AOL announced earlier this month that bulk senders who want to stay on its whitelist would have to start using a program called SPF (for Sender Policy Framework) to authenticate the email they send.
(If you're not the email tech guru at your company, you should know that SPF is, at its most basic, a line of code that gets published in your Domain Name Server information. ISPs can look up that code to verify that you really are who you say you are and not a spoofer, phisher or forger who doesn't have authority to use that email address.)
Industry publications began reporting that as an edict from AOL that bulk senders should start publishing their SPF records now or else get booted off the whitelist.
We asked AOL for the straight story. Here's what Carl Hutzler, AOL's anti-spam director told us:
"We are asking people already on our whitelist (and newcomers) to set-up SPF records to simply help the 'management' of the IP based whitelist. It has nothing to do with qualifying a person to be on our whitelist or negatively affecting their mail if they do not have SPF.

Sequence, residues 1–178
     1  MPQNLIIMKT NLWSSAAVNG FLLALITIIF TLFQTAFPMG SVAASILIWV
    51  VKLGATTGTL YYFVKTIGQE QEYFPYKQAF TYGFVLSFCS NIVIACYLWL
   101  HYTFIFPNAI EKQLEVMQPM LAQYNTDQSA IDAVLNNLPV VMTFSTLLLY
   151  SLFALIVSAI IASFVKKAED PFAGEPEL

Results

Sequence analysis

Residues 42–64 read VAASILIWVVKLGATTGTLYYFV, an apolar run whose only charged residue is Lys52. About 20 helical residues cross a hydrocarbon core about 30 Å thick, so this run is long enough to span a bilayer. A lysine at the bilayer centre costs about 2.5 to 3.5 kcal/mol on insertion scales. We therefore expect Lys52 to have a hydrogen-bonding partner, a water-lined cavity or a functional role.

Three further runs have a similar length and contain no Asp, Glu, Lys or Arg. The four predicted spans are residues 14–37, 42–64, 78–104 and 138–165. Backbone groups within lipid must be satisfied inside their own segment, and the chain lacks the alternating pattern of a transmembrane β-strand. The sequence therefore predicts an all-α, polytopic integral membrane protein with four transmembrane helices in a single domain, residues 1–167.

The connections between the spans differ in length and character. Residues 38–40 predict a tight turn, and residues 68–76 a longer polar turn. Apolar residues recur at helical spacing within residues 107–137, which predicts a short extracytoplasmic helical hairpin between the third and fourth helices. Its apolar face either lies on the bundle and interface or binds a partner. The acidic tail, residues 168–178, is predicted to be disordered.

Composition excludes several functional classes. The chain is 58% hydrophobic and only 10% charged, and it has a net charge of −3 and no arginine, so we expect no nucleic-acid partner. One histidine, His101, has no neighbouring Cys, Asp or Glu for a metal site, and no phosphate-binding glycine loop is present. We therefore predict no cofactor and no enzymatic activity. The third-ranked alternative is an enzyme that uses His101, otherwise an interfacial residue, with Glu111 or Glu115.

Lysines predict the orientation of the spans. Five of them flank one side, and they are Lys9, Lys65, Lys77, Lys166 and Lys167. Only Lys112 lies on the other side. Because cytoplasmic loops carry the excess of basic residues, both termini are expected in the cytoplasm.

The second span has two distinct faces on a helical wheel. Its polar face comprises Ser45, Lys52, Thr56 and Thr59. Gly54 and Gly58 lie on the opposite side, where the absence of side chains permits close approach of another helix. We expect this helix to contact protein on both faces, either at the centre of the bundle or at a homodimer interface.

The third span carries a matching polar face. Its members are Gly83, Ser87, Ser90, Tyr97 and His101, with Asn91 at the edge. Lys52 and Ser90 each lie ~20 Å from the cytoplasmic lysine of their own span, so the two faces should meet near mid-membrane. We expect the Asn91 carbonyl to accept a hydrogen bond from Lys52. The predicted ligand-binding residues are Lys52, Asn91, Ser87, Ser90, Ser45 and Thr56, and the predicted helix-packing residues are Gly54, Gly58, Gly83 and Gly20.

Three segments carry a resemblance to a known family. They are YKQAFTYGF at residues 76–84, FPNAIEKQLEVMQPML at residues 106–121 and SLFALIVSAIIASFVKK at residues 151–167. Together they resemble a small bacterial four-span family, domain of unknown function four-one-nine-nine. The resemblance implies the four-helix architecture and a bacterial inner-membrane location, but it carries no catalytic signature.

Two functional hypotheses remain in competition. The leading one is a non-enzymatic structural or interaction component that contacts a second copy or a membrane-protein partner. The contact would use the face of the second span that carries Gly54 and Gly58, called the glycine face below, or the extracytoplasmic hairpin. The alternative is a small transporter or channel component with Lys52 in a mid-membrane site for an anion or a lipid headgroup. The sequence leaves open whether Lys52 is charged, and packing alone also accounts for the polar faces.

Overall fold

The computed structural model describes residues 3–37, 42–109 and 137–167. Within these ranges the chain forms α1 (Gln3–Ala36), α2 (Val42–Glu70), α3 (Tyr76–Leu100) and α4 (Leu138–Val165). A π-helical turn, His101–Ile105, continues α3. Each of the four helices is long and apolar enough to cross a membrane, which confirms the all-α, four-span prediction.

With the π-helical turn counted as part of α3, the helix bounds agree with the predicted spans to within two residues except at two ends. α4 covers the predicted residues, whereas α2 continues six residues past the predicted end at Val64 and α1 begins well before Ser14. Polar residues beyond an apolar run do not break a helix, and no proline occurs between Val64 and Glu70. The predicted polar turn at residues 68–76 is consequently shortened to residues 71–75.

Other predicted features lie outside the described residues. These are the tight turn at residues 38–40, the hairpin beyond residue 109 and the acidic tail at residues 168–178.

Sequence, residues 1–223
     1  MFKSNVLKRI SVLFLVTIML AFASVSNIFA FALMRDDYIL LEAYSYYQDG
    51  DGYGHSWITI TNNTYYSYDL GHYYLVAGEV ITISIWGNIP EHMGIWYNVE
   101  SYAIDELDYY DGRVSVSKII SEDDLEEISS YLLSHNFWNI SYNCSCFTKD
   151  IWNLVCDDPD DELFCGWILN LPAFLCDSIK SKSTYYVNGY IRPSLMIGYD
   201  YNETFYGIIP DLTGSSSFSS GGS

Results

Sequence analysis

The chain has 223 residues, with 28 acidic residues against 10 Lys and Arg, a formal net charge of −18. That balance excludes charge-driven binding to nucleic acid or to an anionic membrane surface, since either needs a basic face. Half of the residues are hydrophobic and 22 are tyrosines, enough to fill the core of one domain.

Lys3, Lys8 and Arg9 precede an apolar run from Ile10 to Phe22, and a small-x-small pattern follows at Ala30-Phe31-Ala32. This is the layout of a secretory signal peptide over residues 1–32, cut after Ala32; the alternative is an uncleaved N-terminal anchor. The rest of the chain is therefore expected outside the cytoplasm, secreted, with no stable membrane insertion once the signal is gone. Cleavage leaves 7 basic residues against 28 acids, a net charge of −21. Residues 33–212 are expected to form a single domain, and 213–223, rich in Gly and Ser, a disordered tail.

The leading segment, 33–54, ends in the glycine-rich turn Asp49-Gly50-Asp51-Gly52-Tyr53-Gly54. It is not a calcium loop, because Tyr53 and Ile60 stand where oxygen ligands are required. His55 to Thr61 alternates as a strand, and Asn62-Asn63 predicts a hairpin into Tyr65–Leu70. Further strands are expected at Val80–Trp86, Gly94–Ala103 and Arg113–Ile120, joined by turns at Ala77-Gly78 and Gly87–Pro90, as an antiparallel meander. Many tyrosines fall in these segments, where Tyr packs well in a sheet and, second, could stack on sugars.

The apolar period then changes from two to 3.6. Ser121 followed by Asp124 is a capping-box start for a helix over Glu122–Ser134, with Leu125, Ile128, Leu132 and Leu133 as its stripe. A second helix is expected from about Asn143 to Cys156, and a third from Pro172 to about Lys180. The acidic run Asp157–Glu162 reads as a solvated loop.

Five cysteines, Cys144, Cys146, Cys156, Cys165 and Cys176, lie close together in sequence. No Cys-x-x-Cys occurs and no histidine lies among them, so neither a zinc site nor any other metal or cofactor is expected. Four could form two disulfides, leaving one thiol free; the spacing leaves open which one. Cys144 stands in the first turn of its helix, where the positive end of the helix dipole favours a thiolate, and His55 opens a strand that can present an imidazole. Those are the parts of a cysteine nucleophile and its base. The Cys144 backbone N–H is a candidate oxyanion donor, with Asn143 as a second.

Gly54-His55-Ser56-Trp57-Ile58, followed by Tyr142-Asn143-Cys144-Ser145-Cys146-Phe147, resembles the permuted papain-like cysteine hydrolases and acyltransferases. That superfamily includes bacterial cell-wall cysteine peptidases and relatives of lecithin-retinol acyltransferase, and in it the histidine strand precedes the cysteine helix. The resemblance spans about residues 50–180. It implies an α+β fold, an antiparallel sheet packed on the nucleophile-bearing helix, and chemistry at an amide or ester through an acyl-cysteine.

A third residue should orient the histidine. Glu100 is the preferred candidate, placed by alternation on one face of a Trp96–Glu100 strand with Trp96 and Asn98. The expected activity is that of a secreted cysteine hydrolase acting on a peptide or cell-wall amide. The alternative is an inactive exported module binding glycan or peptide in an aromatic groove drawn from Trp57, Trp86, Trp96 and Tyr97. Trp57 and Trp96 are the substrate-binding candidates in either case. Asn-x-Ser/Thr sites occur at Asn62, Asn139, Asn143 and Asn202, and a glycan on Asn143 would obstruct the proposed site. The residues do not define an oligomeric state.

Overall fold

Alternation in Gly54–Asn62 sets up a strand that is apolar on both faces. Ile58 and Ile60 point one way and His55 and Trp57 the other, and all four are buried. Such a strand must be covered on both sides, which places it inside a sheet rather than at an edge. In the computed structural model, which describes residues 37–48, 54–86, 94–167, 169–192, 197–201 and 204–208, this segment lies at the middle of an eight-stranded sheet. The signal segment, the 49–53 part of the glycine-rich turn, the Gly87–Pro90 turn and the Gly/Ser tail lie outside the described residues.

"SPF simply is a way to publish outbound mail server IP addresses, which is exactly what AOL needs to whitelist someone. Instead of a whitelisted organization having to update AOL every time an IP address changes (server gets shut down, returned on lease, etc.), if the organization uses SPF, they can maintain their own list of legit servers and AOL can query their SPF DNS record to get any updates (perhaps once a day or so).
"We do not have a timeframe for AOL to implement SPF on our inbound systems yet. End of summer is what we are targeting. But this has almost nothing to do with the whitelisting feature. We aim to begin using SPF in our whitelist update processes in the next month or so."
You can get more information at AOL's Postmaster